Note that WinSCP isn’t the only FTP client in town, it’s just the one I prefer. You could also use FileZilla.
Accessing your SD cards on a Mac
Believe it or not, accessing your SD cards on a Mac is basically the same process as it is for Windows. You can use Finder to make a quick connection to your RG350, but you will be limited to what you can see, and you cannot add/edit files, only download them from your device.
Access via Safari/Finder: There are two easy ways to access your RG350 through Finder. The first way is to access it through the Safari browser. Open a new tab and type in “ftp://10.1.1.2” in the address bar, and a window will pop up asking for your username and password. Use the username “root” (or whatever showed up in your network settings on your RG350 earlier), and leave the password blank. Bam, a Finder window pops up, like what you see above.
The other way to access through Finder is to click on the Finder icon in your dock, then select “Go” in the menu bar, then “Connect to Server…” (or just press CMD+K) and type “ftp://10.1.1.2”. At this point you can also save it to your “Favorite Servers”. Press the Connect button, and it will prompt you for a username and password again; yep, it’s “root” and don’t put a password in. A Finder window will pop up, and you can go to town.
Like I mentioned before, this method is imperfect. Most notably, the files will be read only — you can access and download the files, but you cannot add anything to them. For that, you will need to use the option below. Additionally, you cannot see the hidden files that are in your “root/home” folder (basically, everything that has a period (.) in front of the file name. Even if you enable Finder to show hidden files (CMD+Shift+Period) they won’t appear. This is a bummer, but the process below will enable you to see everything.
FTP via Cyberduck or Forklift: Cyberduck is a dedicated FTP client. It’s free if you download it directly from their website, but costs $24 if you buy it through the Mac App Store. Download and install the app, then open it up. Press the “Open Connection” button, select the FTP option, and add your IP address (10.1.1.2) as the Server, and “root” as the username; leave the password blank. Press the “Connect” button, and then navigate to the “Browser” icon on the left to see the display you see above. This client will work just like Finder, except that you will be able to add and edit files. Initially I was unable to see the hidden files stored in media/data/local/home/, but at some point, after connecting and disconnecting a couple times, they popped up for me, and have been there ever since. Be sure to check the “Browser” tab in the Preferences Pane to make sure that “Show hidden files” is checked. Note that I haven’t been able to connect to my RG350 via SFTP with this client, but I have been able to with the client featured below.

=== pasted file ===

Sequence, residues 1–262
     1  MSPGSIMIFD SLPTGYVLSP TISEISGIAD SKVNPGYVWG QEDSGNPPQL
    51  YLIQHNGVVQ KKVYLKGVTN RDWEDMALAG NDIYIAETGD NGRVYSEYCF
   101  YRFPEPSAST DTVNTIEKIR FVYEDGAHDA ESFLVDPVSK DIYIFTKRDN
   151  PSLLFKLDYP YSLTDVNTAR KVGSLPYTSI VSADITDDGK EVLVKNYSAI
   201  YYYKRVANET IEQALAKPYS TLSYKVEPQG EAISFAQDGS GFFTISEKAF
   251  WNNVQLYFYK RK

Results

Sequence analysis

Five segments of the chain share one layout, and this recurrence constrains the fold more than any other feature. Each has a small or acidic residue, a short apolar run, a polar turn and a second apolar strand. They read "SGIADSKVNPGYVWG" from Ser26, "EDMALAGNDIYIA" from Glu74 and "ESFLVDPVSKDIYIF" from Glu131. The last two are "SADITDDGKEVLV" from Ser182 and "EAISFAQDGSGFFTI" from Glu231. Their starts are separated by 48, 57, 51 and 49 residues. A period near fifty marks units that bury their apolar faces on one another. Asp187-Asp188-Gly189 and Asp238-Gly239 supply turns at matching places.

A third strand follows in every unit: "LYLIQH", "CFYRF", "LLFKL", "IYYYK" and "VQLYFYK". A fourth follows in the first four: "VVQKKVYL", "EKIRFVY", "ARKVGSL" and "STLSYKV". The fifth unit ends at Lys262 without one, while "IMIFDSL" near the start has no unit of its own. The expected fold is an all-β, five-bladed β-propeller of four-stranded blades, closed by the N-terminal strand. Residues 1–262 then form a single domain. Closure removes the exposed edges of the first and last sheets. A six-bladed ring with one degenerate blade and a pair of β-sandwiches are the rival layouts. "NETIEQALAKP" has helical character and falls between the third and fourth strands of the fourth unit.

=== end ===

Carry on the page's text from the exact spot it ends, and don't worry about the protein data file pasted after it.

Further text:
Forklift is a similar FTP client for the Mac, which has a nice two-pane viewing system in case you want to do all of your work through the app itself (i.e. have your Mac’s hard drive on one side, and the RG350 on the other, and move files between the two panes. Forklift will also allow you to access the root folder files if you connect via SFTP instead of FTP; this is especially important if you need to access certain advanced-level folders, like usr or sbin. This client has a free version, and the full version will cost you $30. In order to see the hidden files in media/data/local/home, be sure to go to the Menu Bar and select View > “Show Invisible Files” (a little dramatic, but hey, it works).
SSH through Terminal (advanced): Finally, you can also use Terminal to SSH directly into the RG350. To do so, open Terminal and type “ssh email@example.com” (or whatever your username and IP address is) and it’ll open right into the RG350. But to be honest, I have no idea what kind of Terminal/Unix gibberish you have to type after that to see and modify your data, so if you’ve made it this far, congratulations, you probably know more about this than me.
Navigating your RG350 using DinguxCmdr
DinguxCmdr is an application that is pre-loaded on the RG350. It’s a little clunky, but it can allow you to access all of the files and folders on your system without plugging it into your computer. Its most useful feature is that you can copy/move folders from one location to another.
DinguxCmdr works in a two-panel display, like you see in the picture above. You can navigate between these panels by pressing left or right on your d-pad. The buttons in this application are a little counter-intuitive: the “X” button is your action button, allowing you to copy, move, rename, or delete a file. The “A” button confirms your actions, and the “B” button serves as a “back/cancel” button. The “Y” button is what you need to press in order to quit the application.
The trick to this app is to treat each of the two panels as a different location; one panel is the source, and the other is the destination. I like to think of the left side as my source side, and that’s where I pull files from, and place them into the right panel, my destination. Once you get that idea down you can treat this program like you would Explorer on a PC, or Finder on a Mac.
So to give you an example, open up each panel to where you want them to be: the panel on the left has the file you want to copy, and the panel on the right shows the folder you want to copy that file to. Select the file on the left by navigating to it and pressing the “X” (action) button on your RG350, and then select “Copy >” from the menu. Press “A” to confirm, and the file should be copied, and you can then see it on both panels. That’s it! Just follow this process to copy or move your files to where you need them.
In this section I’ll provide a quick summary of any updates I make to this guide.
– Added info about “(no network active)” status in Network app
– Added drivers information
Hopefully this guide will make it easier for you to access your RG350 files directly from your computer or the RG350 itself. If you have any comments or suggestions, please leave them below!